1998 - 2005
🗃 Sports Car
2 seats 💺
The Mazda MX-5 (NB) is the second generation of the Mazda MX-5 manufactured from 1998 to 2005. The model continued the MX-5's philosophy of being a lightweight, front mid-engine, rear-wheel-drive roadster while featuring numerous performance improvements, however lacking its predecessor's retractable headlamps. The NB is also the only generation to feature a factory-built turbocharged variant in the form of the Mazdaspeed MX-5.
The redesigned MX-5 was previewed at the Tokyo Motor Show in October 1997. In February 1998, Mazda released the second-generation MX-5, production code NB, for the 1999 model year. The NB featured a more powerful engine and external styling cues borrowed from the third generation Mazda RX-7, designed in 1995 by Tom Matano. Prices in the United States, the main market for the MX-5, started at US$19,770.
Although many parts of the interior and body were different, the most notable changes were the headlamps: the first generation's retractable headlamps no longer passed pedestrian safety tests and were replaced by fixed ones. The new car grew slightly in width compared to the earlier model and was slightly more aerodynamic than the original, with a drag coefficient of Cd=0.36. Other notable improvements include a glass rear window with defogger for the convertible top and a retractable wind deflector behind the seats.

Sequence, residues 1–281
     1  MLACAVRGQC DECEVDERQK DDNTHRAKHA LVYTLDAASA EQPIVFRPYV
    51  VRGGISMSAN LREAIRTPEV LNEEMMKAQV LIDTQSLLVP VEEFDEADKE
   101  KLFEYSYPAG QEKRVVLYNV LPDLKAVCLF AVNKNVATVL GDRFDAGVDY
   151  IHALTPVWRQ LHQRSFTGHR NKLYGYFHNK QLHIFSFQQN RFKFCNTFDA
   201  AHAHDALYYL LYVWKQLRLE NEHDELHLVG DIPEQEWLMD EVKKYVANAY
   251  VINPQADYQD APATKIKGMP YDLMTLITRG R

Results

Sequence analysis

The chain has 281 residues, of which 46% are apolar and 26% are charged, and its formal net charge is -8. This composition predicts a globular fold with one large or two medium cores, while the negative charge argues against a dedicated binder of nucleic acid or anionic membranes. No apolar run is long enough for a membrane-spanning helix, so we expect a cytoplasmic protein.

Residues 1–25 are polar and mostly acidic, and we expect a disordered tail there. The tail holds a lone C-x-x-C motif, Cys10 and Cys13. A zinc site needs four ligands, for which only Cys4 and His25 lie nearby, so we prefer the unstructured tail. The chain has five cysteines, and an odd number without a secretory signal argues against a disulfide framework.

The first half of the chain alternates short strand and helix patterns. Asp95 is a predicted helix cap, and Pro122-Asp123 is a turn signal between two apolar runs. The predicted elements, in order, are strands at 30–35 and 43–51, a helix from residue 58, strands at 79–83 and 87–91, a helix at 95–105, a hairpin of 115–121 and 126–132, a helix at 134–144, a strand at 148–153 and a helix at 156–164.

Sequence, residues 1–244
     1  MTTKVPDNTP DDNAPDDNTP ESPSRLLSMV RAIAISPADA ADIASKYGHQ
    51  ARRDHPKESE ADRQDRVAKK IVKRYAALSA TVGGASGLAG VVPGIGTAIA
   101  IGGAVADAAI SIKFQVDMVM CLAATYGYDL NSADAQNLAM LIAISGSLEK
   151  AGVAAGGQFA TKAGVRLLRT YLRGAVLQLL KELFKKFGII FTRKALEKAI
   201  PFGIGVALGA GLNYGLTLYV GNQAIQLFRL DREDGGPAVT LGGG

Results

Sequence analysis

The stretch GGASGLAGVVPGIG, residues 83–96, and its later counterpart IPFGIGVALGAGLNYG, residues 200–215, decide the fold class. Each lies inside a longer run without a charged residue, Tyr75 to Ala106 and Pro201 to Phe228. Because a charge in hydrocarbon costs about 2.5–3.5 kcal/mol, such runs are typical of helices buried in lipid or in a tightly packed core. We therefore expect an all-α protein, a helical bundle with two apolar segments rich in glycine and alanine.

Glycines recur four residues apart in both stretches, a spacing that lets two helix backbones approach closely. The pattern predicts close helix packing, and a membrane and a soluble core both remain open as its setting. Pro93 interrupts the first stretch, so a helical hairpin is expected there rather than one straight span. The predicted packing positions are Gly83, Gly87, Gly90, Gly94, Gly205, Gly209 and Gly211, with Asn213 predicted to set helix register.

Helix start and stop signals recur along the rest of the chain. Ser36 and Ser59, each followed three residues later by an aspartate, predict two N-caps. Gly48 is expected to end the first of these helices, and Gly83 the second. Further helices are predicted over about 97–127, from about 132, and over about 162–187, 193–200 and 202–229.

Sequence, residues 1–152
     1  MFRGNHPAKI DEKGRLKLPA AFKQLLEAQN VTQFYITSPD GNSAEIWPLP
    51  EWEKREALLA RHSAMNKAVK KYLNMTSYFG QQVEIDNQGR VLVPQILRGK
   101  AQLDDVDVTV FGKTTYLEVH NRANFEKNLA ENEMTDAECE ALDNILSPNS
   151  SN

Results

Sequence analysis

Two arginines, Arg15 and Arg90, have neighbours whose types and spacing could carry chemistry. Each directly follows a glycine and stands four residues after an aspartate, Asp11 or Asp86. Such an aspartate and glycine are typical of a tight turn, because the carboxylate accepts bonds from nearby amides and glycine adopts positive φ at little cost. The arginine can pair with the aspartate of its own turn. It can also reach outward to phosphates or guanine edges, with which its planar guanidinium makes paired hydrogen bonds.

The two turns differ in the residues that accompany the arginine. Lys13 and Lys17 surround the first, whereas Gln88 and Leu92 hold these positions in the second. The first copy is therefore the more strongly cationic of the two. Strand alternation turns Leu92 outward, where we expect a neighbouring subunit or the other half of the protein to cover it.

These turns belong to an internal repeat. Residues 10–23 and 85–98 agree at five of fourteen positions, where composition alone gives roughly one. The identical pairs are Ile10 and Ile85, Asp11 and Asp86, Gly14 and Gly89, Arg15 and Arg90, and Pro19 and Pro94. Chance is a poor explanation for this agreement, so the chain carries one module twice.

The NB continued to employ four-wheel independent suspension, with enlarged anti-roll bars at the front and rear, but the wheels, tires and brakes were significantly upgraded: anti-lock braking system was offered as an option; alloy wheels were now 14" (360 mm) or 15" (380 mm) in diameter and 6" (150 mm) in width, depending on the trim package; sports models were equipped with the larger wheels and 195/50VR15 tires.
The BP-4W engine remained at 1.8 L (110 cu in) but received several minor updates. The engine compression ratio was raised from 9.0:1 to 9.5:1 by adding slightly domed pistons. The intake cam was changed to a solid lifter design with a stronger cam; the intake runners in the head were straightened and the intake manifold was mounted higher up. Mazda's Variable Intake Control System was introduced, which effectively gave a long narrow intake manifold at low rpm for better swirl, changing to a short, free-flowing manifold at high rpm for maximum breathing. Power output of the new engine was quoted at 104.4 kW (140.0 bhp) with 157 N⋅m (116 lbf⋅ft) of torque.
The 1.6 L (98 cu in) B6 engine remained available in Europe and Japan. The base-model 1.8 L (110 cu in) NB could reach 100 km/h (62 mph) in 7.8 s and had a top speed of 210 km/h (130 mph).